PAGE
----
Dial Test

 Dial Test

  • The purpose of the Dial Test is to diagnose Posterolateral Knee Instability,
  • Dial Test Differentiates between isolated Postero-lateral corner (PLC) injury and combination of PLC and Posterior Cruciate Ligament injury (PCL)

  • The goal of Dial test is to inspect the external rotation (foot-thigh angle, best measured in a clinical setting)at the knee joint while the knees are in 30° and 90° of flexion .
  • Patient in prone position :
    • The clinician flexs the patient knees to 30° and places both hands on the feet of the patient, cupping his heels.
    • A maximal external rotation force is then applied, and the foot-thigh angle is measured and compared with the other side.
    • The knees are then flexed to 90°, and again an external rotation force is applied and the foot-thigh angle is measured again
  • Patient in supine position, there are two possible positions:
    1. Same as in prone position – the knees are held together and bent to 30°, the clinician turns the lower legs and feet outwards and compares the amount of external rotation using the tibial tubercle as point of reference. Repeat the test with the knees at 90°.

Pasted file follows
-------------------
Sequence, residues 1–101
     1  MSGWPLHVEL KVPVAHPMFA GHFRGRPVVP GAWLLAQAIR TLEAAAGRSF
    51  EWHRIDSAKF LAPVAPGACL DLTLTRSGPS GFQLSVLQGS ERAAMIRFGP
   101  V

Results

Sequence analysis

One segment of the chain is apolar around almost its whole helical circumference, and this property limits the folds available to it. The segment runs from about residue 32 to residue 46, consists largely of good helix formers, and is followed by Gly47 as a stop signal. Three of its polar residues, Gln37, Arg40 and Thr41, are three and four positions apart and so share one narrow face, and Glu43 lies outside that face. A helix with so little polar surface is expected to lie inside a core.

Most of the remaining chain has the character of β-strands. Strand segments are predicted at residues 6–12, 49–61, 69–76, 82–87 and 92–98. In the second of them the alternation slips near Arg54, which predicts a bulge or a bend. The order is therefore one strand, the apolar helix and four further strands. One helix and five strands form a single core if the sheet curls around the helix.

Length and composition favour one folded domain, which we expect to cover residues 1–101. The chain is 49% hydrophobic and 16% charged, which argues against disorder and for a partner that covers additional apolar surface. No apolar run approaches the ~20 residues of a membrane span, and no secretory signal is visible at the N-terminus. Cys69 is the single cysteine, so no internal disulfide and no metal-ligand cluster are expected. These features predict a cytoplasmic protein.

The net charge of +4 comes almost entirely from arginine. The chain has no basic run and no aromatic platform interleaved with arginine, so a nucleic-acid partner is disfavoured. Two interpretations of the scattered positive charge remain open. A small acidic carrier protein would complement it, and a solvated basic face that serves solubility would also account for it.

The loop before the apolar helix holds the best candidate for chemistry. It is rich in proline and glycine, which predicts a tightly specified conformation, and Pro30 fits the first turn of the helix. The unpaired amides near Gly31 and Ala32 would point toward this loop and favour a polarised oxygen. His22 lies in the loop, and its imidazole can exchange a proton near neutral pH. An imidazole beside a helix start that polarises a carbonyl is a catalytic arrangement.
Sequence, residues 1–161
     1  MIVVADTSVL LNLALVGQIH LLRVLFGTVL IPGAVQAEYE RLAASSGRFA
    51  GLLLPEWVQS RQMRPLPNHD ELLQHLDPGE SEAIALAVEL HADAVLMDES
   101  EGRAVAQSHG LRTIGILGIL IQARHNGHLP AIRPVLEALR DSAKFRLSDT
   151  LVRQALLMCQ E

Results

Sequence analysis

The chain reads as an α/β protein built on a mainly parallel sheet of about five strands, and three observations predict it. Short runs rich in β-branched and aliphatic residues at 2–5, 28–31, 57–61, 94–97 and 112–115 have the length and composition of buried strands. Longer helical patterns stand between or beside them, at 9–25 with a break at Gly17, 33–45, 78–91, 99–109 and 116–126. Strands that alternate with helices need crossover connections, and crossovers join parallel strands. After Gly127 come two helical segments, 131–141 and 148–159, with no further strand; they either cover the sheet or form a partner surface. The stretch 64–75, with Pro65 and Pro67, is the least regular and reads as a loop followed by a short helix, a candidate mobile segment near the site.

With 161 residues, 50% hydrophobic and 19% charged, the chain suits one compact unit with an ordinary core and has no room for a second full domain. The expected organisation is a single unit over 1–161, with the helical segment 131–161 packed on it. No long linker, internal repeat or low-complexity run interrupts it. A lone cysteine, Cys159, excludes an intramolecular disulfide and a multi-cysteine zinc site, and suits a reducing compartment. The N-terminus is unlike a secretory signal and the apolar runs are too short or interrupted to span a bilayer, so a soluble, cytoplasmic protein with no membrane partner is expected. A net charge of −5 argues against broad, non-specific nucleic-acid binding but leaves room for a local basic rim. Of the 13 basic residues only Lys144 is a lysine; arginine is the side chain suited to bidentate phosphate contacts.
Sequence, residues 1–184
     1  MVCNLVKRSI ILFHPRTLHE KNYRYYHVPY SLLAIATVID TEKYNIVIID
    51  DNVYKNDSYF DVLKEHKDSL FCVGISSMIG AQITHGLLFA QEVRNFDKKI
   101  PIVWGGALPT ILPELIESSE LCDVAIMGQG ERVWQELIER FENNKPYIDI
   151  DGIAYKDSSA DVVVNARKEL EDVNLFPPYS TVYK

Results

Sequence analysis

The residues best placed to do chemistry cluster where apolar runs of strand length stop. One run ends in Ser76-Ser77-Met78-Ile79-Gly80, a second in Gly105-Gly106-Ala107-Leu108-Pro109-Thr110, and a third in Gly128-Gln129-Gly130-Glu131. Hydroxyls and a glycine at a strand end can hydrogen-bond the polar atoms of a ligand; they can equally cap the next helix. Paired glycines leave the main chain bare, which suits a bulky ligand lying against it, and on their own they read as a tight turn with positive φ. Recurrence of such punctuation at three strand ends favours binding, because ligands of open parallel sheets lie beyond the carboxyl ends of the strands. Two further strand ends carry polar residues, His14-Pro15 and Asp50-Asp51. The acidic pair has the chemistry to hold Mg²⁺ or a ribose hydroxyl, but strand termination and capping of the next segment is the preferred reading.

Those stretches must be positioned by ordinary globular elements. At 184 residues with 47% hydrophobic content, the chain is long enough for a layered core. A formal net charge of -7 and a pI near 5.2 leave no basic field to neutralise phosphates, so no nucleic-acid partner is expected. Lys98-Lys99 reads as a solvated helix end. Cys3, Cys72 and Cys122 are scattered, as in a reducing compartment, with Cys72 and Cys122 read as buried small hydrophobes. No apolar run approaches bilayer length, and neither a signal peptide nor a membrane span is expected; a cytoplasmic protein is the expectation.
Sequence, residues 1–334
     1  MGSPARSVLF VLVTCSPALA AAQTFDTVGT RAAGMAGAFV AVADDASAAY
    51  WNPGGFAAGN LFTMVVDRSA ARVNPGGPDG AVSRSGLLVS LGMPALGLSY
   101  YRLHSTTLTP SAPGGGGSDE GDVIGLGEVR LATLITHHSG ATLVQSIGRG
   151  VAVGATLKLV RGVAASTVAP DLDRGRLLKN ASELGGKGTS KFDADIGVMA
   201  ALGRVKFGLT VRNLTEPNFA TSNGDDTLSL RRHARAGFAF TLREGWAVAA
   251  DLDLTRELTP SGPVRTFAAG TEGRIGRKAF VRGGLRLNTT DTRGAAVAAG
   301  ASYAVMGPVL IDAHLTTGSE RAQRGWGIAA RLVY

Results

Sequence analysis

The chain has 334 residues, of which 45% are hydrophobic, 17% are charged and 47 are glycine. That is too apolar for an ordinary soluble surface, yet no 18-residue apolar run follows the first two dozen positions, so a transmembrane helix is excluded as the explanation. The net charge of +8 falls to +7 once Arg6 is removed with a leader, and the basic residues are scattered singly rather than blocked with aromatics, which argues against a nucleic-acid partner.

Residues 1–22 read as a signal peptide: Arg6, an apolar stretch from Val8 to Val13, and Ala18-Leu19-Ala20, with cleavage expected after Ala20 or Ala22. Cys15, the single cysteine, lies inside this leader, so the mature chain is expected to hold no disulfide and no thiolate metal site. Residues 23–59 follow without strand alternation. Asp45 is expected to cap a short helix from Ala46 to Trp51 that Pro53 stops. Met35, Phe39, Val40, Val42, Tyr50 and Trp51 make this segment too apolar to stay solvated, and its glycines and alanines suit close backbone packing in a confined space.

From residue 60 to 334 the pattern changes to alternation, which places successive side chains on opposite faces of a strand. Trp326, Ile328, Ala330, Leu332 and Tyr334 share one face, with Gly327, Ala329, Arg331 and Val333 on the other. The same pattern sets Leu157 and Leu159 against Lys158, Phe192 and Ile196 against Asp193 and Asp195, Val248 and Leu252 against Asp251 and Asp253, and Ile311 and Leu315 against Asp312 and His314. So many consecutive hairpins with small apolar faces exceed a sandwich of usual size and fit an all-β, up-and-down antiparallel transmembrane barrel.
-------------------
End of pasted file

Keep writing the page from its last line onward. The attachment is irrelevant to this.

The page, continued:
2. The knee is flexed over the side of the bed. The clinician stabilized the thigh and apply an external rotation force through the foot and ankle. Then, the clinician looks for the amount of external rotation of the tibial tubercle, and compare it with the other knee

  • The Dial test is positive when there is more than 10° of external rotation in the injured knee compared to the uninjured knee.
  • There are two types of different injuries :
    1. An isolated injury to the PLC – more than 10° of external rotation in the injured knee is present at 30° of flexion, but not at 90° of flexion.
    2. Instability of the PCL: more than 10° of external rotation in the injured knee is present at 90° of flexion, but not at 30° of flexion.
    3. A combined injury: more than 10° of external rotation in the injured knee is present at 30° and 90° of flexion. This is an injury of the PCL and the PLC.

  • physio-pedia

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